Organisations that operate drones in public places to capture data and images, such as the police, media entities and constructions companies, must ensure that they comply with data protection laws. The same holds true for hobbyists and other individuals, who must adhere to fair-processing requirements when capturing data and images which can identify individuals. In many cases this means that they need to obtain the individual's consent to capture such footage.
Is there any intersection between specific property rights in your jurisdiction and the related airspace and privacy issues arising from the use of drones?
The Ordinance on Special Category Aircraft provides that while drones are under no obligation to take off or land at an airport, affected land owners are entitled to prevent trespassing and to compensation for any damage.
Pursuant to the Civil Code, land owners have rights over their land to such a height as is necessary for the ordinary use and enjoyment of the land and the structures upon it. The maxim that 'the owner of the land owns it up to the heavens' does not apply.
According to Swiss case law a manned aircraft that does not fly at a reasonable height can have an action brought against it to redress any harm arising from the use of the airspace over the property. In order to be actionable, the conduct must amount to an excessive interference, for example, due to excessive noise or other disturbing effects, as judged by the courts.
While we are unaware of any specific Swiss case law relating to drones, a land owner may lodge an action against excessive interference on his or her property arising from an unreasonable use of drones.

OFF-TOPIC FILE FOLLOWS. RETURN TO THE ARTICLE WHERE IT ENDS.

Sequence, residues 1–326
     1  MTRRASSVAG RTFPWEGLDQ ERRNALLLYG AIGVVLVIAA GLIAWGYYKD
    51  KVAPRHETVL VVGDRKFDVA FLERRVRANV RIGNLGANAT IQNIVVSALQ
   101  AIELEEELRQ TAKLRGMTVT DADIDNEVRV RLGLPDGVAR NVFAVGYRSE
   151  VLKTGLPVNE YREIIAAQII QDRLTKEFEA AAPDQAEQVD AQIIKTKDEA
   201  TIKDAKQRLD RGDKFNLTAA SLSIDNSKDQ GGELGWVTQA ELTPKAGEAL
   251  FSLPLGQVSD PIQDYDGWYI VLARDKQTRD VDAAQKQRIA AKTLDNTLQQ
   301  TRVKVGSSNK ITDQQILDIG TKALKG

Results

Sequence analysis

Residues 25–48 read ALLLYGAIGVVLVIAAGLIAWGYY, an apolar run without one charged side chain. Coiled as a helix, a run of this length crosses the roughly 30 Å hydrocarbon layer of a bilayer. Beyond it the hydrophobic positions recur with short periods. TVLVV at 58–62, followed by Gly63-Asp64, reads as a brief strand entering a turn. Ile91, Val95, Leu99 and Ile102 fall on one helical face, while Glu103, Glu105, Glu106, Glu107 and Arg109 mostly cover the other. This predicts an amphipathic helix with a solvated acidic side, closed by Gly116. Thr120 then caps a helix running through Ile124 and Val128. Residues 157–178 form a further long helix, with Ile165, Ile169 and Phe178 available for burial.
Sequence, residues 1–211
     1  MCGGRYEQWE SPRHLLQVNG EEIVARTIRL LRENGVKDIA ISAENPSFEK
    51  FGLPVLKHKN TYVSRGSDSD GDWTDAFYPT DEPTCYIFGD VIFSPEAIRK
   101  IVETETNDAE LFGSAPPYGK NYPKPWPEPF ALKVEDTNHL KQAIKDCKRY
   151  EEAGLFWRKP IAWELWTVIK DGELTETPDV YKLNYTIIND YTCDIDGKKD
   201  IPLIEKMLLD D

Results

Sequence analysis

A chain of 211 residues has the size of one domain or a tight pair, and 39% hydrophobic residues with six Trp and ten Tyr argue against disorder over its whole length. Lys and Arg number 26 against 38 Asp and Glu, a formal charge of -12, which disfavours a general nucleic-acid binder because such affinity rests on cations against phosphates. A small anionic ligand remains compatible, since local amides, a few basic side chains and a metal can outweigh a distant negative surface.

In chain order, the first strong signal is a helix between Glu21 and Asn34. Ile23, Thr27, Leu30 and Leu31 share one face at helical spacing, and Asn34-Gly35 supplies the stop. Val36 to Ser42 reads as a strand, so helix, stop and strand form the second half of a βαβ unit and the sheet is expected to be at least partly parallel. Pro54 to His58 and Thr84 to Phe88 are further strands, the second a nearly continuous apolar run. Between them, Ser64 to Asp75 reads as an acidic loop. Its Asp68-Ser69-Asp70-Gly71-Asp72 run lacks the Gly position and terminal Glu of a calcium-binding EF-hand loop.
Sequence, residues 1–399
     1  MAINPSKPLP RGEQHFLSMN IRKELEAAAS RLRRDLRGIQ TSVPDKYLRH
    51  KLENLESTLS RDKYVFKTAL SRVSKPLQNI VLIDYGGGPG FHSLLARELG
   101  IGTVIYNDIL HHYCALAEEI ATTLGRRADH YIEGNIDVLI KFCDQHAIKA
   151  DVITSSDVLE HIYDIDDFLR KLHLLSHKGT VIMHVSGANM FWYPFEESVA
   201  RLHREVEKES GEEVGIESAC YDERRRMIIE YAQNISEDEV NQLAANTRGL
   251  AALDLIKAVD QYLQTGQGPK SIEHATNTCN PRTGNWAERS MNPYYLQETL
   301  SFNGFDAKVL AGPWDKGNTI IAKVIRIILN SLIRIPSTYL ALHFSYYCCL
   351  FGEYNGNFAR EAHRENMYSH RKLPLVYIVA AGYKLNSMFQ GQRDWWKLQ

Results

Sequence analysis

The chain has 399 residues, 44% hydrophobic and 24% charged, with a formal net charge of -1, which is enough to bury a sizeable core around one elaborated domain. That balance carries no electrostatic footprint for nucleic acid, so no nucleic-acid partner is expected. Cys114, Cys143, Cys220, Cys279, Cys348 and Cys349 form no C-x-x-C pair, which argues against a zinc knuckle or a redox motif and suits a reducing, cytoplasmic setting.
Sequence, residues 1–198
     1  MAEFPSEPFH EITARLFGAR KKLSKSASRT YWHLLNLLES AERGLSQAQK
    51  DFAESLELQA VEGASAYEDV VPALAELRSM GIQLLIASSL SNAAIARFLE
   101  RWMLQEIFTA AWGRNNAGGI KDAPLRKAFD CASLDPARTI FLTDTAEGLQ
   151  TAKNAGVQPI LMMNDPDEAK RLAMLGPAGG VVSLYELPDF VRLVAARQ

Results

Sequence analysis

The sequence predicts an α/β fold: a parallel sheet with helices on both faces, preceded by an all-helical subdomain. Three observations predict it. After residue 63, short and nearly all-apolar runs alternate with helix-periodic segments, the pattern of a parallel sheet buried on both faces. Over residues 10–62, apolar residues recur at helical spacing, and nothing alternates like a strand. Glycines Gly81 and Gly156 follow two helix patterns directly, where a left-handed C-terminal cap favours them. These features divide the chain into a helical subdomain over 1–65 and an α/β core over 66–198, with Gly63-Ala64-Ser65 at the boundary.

What are the insurance implications in your jurisdiction?
EU Regulation 785/2004(9) describes the insurance obligations for all aircraft operators. It requires that all commercial drone operations purchase third-party liability insurance. The regulation defines limits for the minimum amount of third party liability insurance required based on the mass of the aircraft at take-off. For drones weighing less than 500kg the minimum cover required is 750,000 special drawing rights (approximately Sfr1 million).
While model aircraft, including drones for leisure use, weighing less than 20kg are not required to have third-party liability insurance on the basis of EU Regulation 785Ӏ2004, the Swiss Ordinance on Special Category Aircraft provides that liability claims made by third parties on the ground must be covered by an insurance policy with guaranteed cover of at least Sfr1 million. Only drones weighing less than 0.5kg do not require third-party liability insurance.
The Ordinance on Special Category Aircraft further provides that the insurance certificate must be carried when the drone is in operation.
In case of an accident involving a drone in your jurisdiction's airspace, how would liability be treated?
Pursuant to the Aviation Act, the operator of the drone is strictly liable without limitation for all surface damage caused by the drone. If the drone was used by a third party without the operator's permission, such third party will be liable. Nevertheless, the operator (or rather its insurer) will still have to provide the minimum insurance coverage, as laid down in EU Regulation 785/2004 and the Swiss Ordinance on Special Category Aircraft.
For further information on this topic please contact Andreas Fankhauser or Vanessa Wehrli at Baumgartner Mächlerby telephone (+41 44 215 4477) or email (email@example.com or firstname.lastname@example.org). The Baumgartner Mächler website can be accessed at www.bmlaw.ch.
(1) EU Regulation 216/2008 (February 20 2008) on common rules in the field of civil aviation and establishing a European Aviation Safety Agency. Switzerland adopted Regulation 216/2008 by virtue of the 1999 EU-Switzerland Agreement on Air Transport.
(2) According to the European Aviation Safety Agency, drones are aircraft without a human pilot on board, whose flight is controlled either autonomously or under the remote control of a pilot on the ground or in another vehicle.
(9) EU Regulation 785/2004 (April 21 2004) on insurance requirements for air carriers and aircraft operators. Switzerland adopted Regulation 785/2004 by virtue of the 1999 EU-Switzerland Agreement on Air Transport.